Minneapolis is not even in the top ten metros when it comes to total number of medical properties in a market. In fact, it’s ranked at 13. Yet this unassuming market is number 2 in terms of outpatient building deliveries and 4th for total deal volume. Even rent growth has been consistently surpassing the national average. What gives?
Unlike Atlanta and Houston, population growth is not necessarily the star of the show. Minneapolis has only shown modest growth over recent years and 2017 was the first year since 2010 that more people moved to Minneapolis than away. Previously, growth was almost entirely from births outpacing deaths. However, health systems and providers in the market are nimble and innovative; rising to meet the specific needs of the local demographic and keep up with the ever-changing landscape of demand and reimbursement. Case in point – growth is from a positive birth rate? Well, quite a few birthing centers have opened recently. Allina Health has opened 3 new “Mother Baby Centers” on their hospital campuses and Regions Hospital is seeking approval for a new birth center in St Paul. Allina health has also recently opened a number of community clinics in an effort to provide greater access to services closer to where their patients live.
It’s all just data though until you talk to someone with boots on the ground. Davis Real Estate is one of the most active developers in the region with a strong focus on the twin cities area. Mark Davis says “Minnesota has some of the most prominent and dynamic healthcare players in the United States. Many of these healthcare providers have been willing to spend their time and capital to keep their facilities updated. This, paired with positive economic conditions and rental structure has allowed Minnesota to become one of the strongest states for HC development in the nation.”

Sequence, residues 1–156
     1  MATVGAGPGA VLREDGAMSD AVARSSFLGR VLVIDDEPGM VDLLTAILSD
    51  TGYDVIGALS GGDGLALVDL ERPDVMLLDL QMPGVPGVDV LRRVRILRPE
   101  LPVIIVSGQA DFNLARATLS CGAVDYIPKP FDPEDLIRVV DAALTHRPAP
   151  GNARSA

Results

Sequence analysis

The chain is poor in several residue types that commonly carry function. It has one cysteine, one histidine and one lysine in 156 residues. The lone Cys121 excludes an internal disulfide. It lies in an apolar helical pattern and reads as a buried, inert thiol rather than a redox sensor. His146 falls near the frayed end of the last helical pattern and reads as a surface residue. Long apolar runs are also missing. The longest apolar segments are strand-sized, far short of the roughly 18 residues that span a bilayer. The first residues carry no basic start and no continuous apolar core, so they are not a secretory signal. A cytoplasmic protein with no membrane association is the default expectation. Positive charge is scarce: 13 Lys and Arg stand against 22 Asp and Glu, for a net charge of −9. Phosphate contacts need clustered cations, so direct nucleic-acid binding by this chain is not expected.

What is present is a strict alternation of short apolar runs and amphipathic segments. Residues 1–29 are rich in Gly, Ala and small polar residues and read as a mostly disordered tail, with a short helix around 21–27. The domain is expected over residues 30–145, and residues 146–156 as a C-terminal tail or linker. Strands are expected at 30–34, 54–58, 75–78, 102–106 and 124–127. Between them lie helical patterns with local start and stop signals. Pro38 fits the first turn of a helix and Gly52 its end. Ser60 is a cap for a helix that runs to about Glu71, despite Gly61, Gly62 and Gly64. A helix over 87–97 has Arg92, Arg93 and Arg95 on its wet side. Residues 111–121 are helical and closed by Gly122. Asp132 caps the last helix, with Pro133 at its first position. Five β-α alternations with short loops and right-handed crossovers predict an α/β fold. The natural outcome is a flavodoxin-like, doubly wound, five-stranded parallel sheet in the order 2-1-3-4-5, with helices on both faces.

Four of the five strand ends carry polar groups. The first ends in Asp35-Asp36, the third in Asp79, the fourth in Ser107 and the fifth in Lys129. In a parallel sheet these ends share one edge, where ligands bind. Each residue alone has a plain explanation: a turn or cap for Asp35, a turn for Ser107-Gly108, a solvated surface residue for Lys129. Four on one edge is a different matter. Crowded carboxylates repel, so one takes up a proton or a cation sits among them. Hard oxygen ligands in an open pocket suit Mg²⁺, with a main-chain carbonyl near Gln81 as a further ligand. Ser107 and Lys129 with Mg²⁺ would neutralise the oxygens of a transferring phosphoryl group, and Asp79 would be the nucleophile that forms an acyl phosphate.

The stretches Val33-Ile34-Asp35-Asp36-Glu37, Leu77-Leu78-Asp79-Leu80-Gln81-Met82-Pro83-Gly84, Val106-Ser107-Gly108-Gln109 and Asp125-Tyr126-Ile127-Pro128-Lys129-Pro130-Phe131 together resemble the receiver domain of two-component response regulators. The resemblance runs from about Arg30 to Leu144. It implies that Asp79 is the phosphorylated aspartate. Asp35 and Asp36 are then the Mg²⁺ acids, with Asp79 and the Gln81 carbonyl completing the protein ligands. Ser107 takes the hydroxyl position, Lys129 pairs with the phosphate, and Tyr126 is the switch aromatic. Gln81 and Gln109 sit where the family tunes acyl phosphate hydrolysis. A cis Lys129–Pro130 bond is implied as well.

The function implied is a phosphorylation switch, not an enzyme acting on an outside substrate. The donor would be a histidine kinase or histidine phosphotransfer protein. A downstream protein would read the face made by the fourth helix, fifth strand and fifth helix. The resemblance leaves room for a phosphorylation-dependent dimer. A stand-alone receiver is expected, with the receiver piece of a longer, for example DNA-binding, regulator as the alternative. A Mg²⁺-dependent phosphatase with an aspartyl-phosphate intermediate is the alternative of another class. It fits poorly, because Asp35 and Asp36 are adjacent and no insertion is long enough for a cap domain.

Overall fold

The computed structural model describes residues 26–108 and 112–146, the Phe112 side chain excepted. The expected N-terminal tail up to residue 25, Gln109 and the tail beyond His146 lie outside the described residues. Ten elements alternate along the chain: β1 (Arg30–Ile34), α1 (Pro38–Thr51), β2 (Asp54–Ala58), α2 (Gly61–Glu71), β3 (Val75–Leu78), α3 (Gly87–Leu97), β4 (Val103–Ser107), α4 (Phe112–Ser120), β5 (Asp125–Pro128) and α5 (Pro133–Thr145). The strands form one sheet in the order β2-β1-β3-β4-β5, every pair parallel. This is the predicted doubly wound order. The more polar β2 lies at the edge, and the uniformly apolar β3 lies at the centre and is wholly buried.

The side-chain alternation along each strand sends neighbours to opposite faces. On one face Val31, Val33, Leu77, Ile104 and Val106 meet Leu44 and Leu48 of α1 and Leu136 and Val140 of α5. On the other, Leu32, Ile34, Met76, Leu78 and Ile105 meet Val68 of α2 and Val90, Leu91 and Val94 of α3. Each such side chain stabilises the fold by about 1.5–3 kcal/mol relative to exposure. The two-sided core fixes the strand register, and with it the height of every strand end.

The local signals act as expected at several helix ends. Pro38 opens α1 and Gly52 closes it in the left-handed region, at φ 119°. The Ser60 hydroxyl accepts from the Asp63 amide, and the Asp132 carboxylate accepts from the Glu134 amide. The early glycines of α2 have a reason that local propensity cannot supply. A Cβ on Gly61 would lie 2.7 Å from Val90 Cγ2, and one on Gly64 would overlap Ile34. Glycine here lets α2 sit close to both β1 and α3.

In the U.S. the average MOB was built in 1988. In Minneapolis, the average is 1993. So while the metro may not have staggering demographic growth, providers are on top of trends and keeping their facilities up to date which translates into higher rents and greater investor interest.
Speaking of which, investors love the twin cities. Harrison Street made Minneapolis a New Year’s resolution and bought a large portfolio of medical office properties from IRET almost entirely centered in the midwestern metro. A number of REITs are buying in as well – Physicians Realty Trust, Healthcare Realty Trust and Seniors Housing Property Trust have all made investments there recently. In fact, of all the outpatient space in Minneapolis, almost half (49%) is owned by investors. Versus an estimated 30% across the whole country. Interested in the stats for your metro? Subscribe to Revista!